When buying your home, whether it be your first or your fifth, you will likely be taking out a mortgage to finance your purchase. The lender you choose plays a key role in the process of helping you get into the right home- choosing the right one can mean the difference in your transaction going oh-so-easy and you not getting into that home at all. It’s that important.
To get in with the right mortgage guy or gal, first ask your realtor for some recommendations. They work with mortgage brokers every day and they know who can close the deals quickly and easily. Then, ask the questions below and interview a few mortgage brokers before you decide who will be the best fit for you.
1. Are you local to the area? How familiar are you and your appraisers with the neighborhood I am looking to buy in?
Ok, so here is the skinny. Most of us use big banks for our every day banking, checking, and savings but when it comes to getting a home loan, going local is really important. Local lenders, banks, and credit unions usually have more competitive rates that the big guys. They also have a whole lot less red tape- they can be more flexible with their guidelines because they can have a more personal relationship with their clients. You won’t just be a number in the crowd.
The local aspect is also really important when it comes to the appraisal process. During the appraisal, the lender will send out an appraiser to assess the value of the property. Real estate values are hyper-local so having someone local is really important- especially in a place like Boulder. If you have a nationwide lender, they may send an appraiser from Denver, Fort Collins, or Colorado Springs to appraise your Boulder home which would lead to an appraisal that is too low. This, in turn, can cause real headaches during the transaction and can sometimes even cause the deal to fall through.
2. Can I have a list of all the fees I will be charged when completing my home purchase?
Usually when people are considering getting a home, they look at how much of a mortgage they can afford on a monthly basis. This is really important but don’t forget there are other one-time fees that come into play when closing on a home. Besides your monthly PITI (Principle, Interest, Taxes, and Insurance) mortgage payment, as a buyer you will also have the following one-time fees:
-Home Inspection: $300-400
-Home Appraisal: $300-400 paid at the time of closing and wrapped into the loan.
-Closing Costs: Typically around 2% of the purchase price. This is an estimate but includes things like documentary fees, title insurance, escrows for property taxes and insurance. Remember this number increases if you are paying points down on your loan. Also, these costs can come into play when negotiating the contract and the seller can help pay them (although in our current market, this is unlikely since sellers are many times receiving multiple offers on their homes).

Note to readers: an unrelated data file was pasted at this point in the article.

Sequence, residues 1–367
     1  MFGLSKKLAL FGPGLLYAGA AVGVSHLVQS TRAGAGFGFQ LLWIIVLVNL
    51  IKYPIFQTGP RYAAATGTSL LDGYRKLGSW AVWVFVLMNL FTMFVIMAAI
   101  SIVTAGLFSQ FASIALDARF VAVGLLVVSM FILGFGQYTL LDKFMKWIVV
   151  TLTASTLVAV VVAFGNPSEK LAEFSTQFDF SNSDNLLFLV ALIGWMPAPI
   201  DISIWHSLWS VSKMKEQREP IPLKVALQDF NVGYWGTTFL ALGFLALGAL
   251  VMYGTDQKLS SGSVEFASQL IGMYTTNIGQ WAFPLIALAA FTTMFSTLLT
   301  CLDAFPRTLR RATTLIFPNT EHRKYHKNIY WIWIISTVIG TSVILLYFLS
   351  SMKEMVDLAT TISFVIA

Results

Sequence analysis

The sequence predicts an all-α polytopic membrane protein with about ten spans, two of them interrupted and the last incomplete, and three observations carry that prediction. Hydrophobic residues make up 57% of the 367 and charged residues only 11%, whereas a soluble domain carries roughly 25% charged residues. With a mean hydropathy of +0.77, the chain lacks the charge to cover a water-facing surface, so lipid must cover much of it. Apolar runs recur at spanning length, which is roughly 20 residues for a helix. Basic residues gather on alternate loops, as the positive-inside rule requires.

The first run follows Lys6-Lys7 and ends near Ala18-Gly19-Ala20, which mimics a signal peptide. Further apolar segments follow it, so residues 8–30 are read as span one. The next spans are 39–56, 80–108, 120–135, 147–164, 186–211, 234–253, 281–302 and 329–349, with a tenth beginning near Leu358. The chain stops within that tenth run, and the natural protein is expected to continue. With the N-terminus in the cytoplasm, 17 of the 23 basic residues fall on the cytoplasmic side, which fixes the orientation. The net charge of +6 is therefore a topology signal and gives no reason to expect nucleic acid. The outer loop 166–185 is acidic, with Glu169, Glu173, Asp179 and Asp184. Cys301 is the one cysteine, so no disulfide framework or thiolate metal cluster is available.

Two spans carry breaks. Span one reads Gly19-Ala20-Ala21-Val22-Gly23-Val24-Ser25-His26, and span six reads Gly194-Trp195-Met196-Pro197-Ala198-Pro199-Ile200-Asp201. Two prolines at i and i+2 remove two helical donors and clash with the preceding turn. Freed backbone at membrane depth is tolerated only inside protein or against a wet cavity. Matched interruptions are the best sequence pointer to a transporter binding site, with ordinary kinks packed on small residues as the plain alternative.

-Loan Origination Fees: 1% of the amount of the loan. This is the fee the lender charges to underwrite and process the loan. This is how they make their money.
3. What are your specific rules and regulations regarding condos?
Depending on the lender and the kind of loan you will take out, there will be some rules regarding which condos you can buy. The most important rule has to do with the owner occupancy level. If you plan to take out an FHA loan, then at least 50 percent of the units in any condo complex need to be owner occupied. If the percentage of owner occupants is less than this, you will have to put 20 percent down on your loan and take out a conventional loan. Sometimes local lenders can be more flexible than this. If you plan on purchasing a condo, ask what different programs they have that might work for you.
4. How much of an HOA can I afford? How does that affect how much I can spend?
In a place like Boulder, don’t forget about the HOA’s. These monthly fees make a big difference in what purchase price you can afford. Your lender can tell you exactly how much of monthly payment you can make. They will let you know exactly how much you can afford to pay and exactly how much HOA you can afford too.
5. How do your mortgage rates compare with others in the area?
Even small differences in percentage points matter over a 30 year time period. Make sure your potential lender is competitive and knows their numbers so you can shop around and make an informed decision.
Last but not least, make sure you like your lender. You will be working closely with them and they have a big stake in how smoothly your transaction goes. If you get along swimmingly, you may just start great business relationship that will benefit you for years to come.
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By Allison Benham & Ken Crifasi